This gentlewoman being a very rich Marchaunte mannes daughter vpon a time was inuited to a Bridall, or Wedding, whiche was solemnized in that Towne, agaynst which day shee made great preparation, for the pluming of her selfe in gorgeous arraie, that as her bodye was moste beautifull, fayre, and proper, so her attire in euery respecte might be correspondent to the same. For the accomplishment whereof shee curled her haire, she died her lockes, and layed them out after the best maner, she coloured her face with waters and Ointmentes: But in no case could she gette any (so curious and daintie she was) that could starche and set her Ruffes and Neckerchers to her mind: wherefore shee sent for a couple of Laundresses, who did the best they could to please her humors, but in any wise thei could not: Then fell shee to sweare and teare, to cursse and baune, casting the Ruffes vnder feete, & wishing that the Deuill might take her when she [might wear] any of those Neckerchers agayne. In the meane time (through the sufferaunce of God) the Deuill transforming himselfe, into the forme of [a] younge man, as braue, and proper as shee in euerie poincte in outward appeareaunce, came in, fayning himselfe to bee a woer or suter vnto her. And seeing her thus agonized, and in such a pelting chafe, he demaunded of her the cause thereof who straight-waye tolde him (as women can conceale nothing that lyeth vppon their stomackes) howe shee was abused in the setting of her Ruffes, which thing being hearde of him, hee promised to please her minde, and thereto tooke in hand the setting of her Ruffes, which he peformed to her great contentation, and liking, in so muche as shee looking herselfe in a glasse (as the Deuill bad her) became greatly inamoured with him. This done, the young man kissed her, in the doing wherof, he writhe[d] her necke in sonder, so she dyed miserably , her body being Metamorphosed, into blew and black colours, most vgglesome to behold, and her face (whiche before was so amorous) became moste deformed, and fearefull to looke vpon. This being known preparaunce was made for her burial, a rich Coffin was prouided, and her fearefull body was layed therin, and it couered very sumptuously. Foure men immediately assaied to lift vp the corpes, but could not moue it, then sixe attempted the lyke, but could not once stirre it from the place where it stoode. Whereat the standers by marueiling, caused the Coffin to be opened, to see the cause therof. Where they found the body to be taken away, and a blacke Catte very leane and deformed sitting in the Coffin, setting of great Ruffes, and frizling of haire, to the great feare, and wonder of all the beholders. This woefull spectacle haue I offered to their viewe, that by looking into it, in stead of their other looking Glasses they might see their owne filthinesse & auoyd the like offence, for feare of the same, or worser iudgment: whiche God graunt they may doe. (38)
References to the Play
An allusion in Gammer Gurton’s Needle indicates Friar Rush had entered English popular culture by the mid-sixteenth century. In 3.2, Hodge likens the beggar Diccon to a devil:
- … saw ye neuer Fryer Rushe
- Painted on a cloth, with a side long cowes tayle:
- And crooked clouen feete and many a hoked nayle?
- For al the world (if I shuld iudg) chould recken him his brother
- Loke euen what face Frier Rush had, the deuil had such another (Ciiv)
Reginald Scot’s The Discoverie of Witchcraft (1584) suggests the character was seen largely as a figure of fantasy, the fables of “Frier Rush, Adam Bell, or the golden Legend” being too “grosse and palpable” to merit refutation (498).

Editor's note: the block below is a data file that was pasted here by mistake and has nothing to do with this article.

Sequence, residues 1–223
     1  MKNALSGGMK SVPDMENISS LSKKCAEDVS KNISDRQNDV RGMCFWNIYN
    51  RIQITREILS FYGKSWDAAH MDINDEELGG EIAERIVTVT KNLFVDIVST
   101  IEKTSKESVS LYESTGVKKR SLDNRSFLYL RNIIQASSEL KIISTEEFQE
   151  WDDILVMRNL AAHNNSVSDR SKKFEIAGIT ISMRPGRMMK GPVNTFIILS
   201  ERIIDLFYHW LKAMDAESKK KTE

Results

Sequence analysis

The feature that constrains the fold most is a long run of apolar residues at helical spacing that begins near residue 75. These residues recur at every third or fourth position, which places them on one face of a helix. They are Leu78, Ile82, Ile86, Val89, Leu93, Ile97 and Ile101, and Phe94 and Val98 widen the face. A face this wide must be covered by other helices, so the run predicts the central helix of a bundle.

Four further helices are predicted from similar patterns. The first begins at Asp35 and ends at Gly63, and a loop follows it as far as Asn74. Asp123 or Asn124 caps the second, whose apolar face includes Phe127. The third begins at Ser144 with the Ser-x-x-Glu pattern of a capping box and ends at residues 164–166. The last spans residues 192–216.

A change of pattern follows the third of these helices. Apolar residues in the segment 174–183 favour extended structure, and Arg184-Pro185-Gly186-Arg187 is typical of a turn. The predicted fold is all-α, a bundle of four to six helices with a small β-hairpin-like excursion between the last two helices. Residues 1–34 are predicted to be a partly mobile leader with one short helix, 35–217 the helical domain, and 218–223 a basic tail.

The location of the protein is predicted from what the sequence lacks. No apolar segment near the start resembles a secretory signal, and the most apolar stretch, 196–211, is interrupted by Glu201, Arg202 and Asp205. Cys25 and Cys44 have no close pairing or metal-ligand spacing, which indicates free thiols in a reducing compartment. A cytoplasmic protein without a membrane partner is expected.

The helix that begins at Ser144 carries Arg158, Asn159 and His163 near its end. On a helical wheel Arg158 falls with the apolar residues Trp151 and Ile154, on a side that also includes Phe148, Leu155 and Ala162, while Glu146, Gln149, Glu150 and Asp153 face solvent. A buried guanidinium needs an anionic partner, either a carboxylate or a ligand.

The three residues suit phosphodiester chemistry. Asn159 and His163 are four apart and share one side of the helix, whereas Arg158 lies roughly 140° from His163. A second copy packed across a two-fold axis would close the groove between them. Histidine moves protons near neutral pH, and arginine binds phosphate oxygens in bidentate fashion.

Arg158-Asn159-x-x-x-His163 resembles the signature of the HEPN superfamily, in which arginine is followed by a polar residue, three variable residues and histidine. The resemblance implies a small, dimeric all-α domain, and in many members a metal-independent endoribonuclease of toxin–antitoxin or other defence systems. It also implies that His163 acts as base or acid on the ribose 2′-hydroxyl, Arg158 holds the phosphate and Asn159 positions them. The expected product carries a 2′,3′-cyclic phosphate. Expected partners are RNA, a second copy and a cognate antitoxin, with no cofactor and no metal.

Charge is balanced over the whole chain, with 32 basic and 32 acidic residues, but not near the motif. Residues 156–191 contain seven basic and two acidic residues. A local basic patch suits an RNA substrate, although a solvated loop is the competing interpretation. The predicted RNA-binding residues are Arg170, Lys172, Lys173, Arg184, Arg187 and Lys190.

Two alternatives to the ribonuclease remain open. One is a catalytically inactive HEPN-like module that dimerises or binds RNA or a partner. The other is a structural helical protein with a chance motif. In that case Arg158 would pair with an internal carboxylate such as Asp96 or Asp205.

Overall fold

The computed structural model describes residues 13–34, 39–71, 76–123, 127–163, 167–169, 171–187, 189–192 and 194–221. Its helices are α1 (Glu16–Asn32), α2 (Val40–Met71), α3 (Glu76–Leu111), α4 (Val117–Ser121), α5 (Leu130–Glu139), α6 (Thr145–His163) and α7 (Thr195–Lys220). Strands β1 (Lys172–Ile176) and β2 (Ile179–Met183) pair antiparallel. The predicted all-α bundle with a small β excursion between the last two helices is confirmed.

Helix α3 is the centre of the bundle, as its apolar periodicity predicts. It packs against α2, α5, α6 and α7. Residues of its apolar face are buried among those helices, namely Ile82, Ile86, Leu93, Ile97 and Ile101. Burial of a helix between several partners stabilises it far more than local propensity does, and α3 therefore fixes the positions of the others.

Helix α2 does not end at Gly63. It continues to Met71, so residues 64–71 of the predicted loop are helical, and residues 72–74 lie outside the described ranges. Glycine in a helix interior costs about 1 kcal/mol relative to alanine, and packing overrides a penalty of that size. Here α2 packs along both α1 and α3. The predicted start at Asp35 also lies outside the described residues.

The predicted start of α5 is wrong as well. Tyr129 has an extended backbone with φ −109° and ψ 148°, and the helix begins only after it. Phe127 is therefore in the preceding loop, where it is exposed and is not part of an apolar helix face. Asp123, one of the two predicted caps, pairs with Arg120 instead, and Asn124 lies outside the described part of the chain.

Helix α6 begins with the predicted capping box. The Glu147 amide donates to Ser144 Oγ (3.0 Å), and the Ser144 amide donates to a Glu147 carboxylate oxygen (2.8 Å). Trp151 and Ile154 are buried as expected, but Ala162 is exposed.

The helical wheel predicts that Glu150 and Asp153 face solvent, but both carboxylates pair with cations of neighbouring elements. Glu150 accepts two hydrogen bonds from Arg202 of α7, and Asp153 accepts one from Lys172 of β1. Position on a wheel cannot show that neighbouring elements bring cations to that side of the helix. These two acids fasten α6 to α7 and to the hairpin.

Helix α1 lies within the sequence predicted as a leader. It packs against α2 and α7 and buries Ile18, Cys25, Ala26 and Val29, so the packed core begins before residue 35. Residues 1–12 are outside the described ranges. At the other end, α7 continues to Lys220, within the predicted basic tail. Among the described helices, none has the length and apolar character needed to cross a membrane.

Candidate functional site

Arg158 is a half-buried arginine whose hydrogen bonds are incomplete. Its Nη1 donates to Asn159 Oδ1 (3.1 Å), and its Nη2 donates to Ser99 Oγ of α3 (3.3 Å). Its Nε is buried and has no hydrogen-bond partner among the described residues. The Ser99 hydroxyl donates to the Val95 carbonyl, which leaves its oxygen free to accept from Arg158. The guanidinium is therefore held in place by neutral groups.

Dekker’s If This Be Not a Good Play the Devil is in It (1610) features a version of Friar Rush and expands upon his tale's premise by dramatizing the intrusion of three devils into religious, urban, and courtly environments.
The plot of Jonson’s The Devil is an Ass (1616) also echoes the basic scenario of the Rush legend.
The Proud Woman of Antwerp
There may be a passing allusion to the "Proud Woman" in Greene's Tu Quoque by Cooke (1614). When the character Longfield in that play declares his love for Will Rash's sister, Rash remarks: "for pride,the woman who had her Ruffe poak'd by the diuell is but a Puritan to her" (Cv).
Similarly, among the ballads Nightingale advertises in Jonson's Bartholomew Fair 2.4 (1614) is one called "Goose-greene-starch and the Deuill" (22)
A play entitled "The Godly Woman of Antwerp" was acted by John Greene and Robert Browne’s traveling English company in Graz in 1608. Given the ties of these players to the Admiral's Men, this may refer to a version of Day and Haughton’s play (Morris 18).
Morris includes a detailed transcription of the letter, which describes the play as "von einer frommen frauen von antorf, ist gewiss gar fein und zughtig gewest" [Of a pious woman of Antwerp, and it was certainly fine and chastely done]". Earlier sources, such as Sibley (198), slightly mangle the title from the 1608 record, giving it as "Die fromme frau zu Antorf". The suggestion that it could be identified with Day and Haughton's play goes back beyond Sibley.
For What It's Worth
The backgrounds of these titular characters suggests a moral comedy with perhaps a festive or grotesque tone.
Twenty-two years later, the Admiral's Men (now the Palsgrave's Men) licensed another play about a woman from Antwerp, possibly dramatizing the same story again: see The Fair Star of Antwerp.
Another possible allusion to the play, or at least to the underlying story, in 1615:
- O Earth, thinke on the fearfull Iudgement shewed on a woman in Antwerpe (as it is related) to whome the diuell appeared to set her Ruffs, which when he had finished, he kissed her, & wroong her necke in twoo. Her bodie suddenly changed blacke and blewe, painted and coloured small to her profite. Laid in a toumbe, she was suddenly gone, and a blacke deformed Cat in the roome. If curious Ruff-mongers, be incredulous of this, I wish them beware, least to them come the like.
- B. H., The glasse of mans folly and meanes to amendment, for the health and wealth of soule and body (London: I.H[arrison], 1615), 28. This passage is among material added in the 1615 edition, and not present in an earlier edition of 1595.